The federal government took over nearly all student loans, forced students to make years of payments only to fall further behind, then handed the enlarged debt to the U.S. taxpayer, Ben Johnson reported last year at the Washington Standard:
The federal government largely nationalized the student loan industry in 2010 via a piece of legislation related to Obamacare, the “Health Care and Education Reconciliation Act of 2010.” The U.S. government now holds 92% of all student loans — and the nation’s total student debt has more than doubled, from $811 billion in April 2010 to $1.748 trillion in April 2022.
Part of the reason the figures have surged — and students start life so indebted — is due to Democratic (and occasionally, Republican) policies that made it impossible for most people to ever pay off their student loans structured. In their haste to have the U.S. taxpayer underwrite the maximum amount of college tuition, they transformed most student loans from a fixed-rate loan — like a mortgage or car loan — to a plan based on the student’s post-graduation income. Gradually, the borrower’s share of his college loans shrank, while the taxpayer’s increased.
In California, ahead of the Obama era federal takeover of student loans, EdFund was created in 1997 by the California Student Aid Commission as a 501(c)(3) non-profit, public benefit corporation,” to administer all activities associated with its participation in the federal student loan program.”
Today, EdFund provides all operational and administrative services related to the Commission’s participation in the federal student loan program, and is a growing national provider of student financial aid services.
EdFund ran into trouble for its collection policies and punitive practices, as well as for excessive salaries paid to executive officers.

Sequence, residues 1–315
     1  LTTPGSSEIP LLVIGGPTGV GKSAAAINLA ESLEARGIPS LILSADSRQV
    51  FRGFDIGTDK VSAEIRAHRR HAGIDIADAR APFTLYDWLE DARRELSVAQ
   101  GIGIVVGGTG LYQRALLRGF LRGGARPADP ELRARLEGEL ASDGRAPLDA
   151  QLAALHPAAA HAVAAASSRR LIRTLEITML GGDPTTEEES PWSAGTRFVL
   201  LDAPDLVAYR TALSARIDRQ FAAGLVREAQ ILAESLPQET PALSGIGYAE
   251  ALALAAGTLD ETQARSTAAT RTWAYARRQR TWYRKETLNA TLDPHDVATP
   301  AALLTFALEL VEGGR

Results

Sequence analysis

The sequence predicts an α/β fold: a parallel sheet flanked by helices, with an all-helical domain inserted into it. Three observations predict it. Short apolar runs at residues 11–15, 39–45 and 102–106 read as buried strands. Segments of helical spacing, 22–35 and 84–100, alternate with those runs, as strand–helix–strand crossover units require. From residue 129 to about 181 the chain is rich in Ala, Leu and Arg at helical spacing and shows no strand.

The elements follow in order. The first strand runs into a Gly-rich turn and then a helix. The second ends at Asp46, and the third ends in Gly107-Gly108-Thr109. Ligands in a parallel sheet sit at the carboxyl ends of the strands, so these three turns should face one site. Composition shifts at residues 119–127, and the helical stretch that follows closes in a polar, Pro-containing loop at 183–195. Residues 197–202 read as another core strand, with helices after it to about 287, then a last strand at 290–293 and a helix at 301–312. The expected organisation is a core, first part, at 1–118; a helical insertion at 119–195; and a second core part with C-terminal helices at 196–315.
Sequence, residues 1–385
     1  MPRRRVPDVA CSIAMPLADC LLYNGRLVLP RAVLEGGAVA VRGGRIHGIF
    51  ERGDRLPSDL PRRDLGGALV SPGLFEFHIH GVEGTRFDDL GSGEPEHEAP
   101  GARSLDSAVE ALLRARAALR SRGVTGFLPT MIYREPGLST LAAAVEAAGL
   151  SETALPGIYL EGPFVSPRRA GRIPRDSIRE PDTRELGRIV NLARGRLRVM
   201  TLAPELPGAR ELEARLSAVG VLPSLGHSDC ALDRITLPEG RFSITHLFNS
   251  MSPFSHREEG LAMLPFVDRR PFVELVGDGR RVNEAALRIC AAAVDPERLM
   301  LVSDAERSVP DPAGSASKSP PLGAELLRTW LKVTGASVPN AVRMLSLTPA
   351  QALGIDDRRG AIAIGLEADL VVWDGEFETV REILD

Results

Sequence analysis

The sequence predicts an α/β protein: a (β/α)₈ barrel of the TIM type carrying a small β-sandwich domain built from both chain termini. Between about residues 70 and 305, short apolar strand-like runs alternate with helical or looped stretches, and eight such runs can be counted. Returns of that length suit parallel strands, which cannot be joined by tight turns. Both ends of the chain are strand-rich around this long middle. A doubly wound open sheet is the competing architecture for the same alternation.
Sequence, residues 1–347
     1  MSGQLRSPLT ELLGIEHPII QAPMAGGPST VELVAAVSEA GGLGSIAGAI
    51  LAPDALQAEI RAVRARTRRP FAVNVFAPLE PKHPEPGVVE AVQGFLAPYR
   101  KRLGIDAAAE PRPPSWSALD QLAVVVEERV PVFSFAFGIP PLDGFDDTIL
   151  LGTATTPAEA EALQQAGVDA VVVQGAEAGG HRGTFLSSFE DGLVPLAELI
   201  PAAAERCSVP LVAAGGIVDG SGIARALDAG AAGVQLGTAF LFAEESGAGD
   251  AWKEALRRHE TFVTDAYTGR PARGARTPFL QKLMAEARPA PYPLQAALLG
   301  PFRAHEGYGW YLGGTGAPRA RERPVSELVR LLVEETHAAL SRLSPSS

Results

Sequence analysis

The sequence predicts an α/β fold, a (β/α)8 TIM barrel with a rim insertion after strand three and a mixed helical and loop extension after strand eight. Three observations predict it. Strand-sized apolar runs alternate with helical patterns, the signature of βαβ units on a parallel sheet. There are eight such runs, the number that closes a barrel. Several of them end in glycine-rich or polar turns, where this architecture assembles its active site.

A 2007 San Francisco Chronicle article covered how in certain circumstances, EdFund’s practices took an original loan of $37,000 and could drive the repayment cost well over $100,000:
“It’s a very oppressive system,” said Elena Ackel, a senior attorney at Legal Aid Foundation of Los Angeles. “The system is incomprehensible. People get frustrated when they’ve paid the principal (on their loans) and they still owe more than the original amount.”
Ackel and other critics say the crux of the problem is that nonprofit guarantors like EdFund are making tens of millions of dollars annually on the backs of struggling defaulted borrowers.
In 2006, a EdSource article reported that the California state auditor found that the EdFund organization made questionable spending decisions and exercised lax oversight. The auditor found that EdFund spent excessively on entertainment, travel, and executive bonuses, at a time when the loan program faced an $8.3 million operating deficit. The California Student Aid Commission was cited for lax oversight of EdFund.
Gov. Arnold Schwarzenegger tried to sell EdFund for $1 billion, and to erase the state budget deficit, but the U.S. Department of Education blocked his plan.
Today, EdFund, headquartered in Rancho Cordova, California, “processes more than $9.3 billion in student loans in the United States annually (including Consolidation loans) and manages a portfolio of outstanding loans valued at $29 billion.”
Student loans are an industry bolstered by the federal government. They created this mess and are now agitating to erase loans, forcing taxpayers, and those who already paid off their loans, never had student loans, or never went to college to pay them off.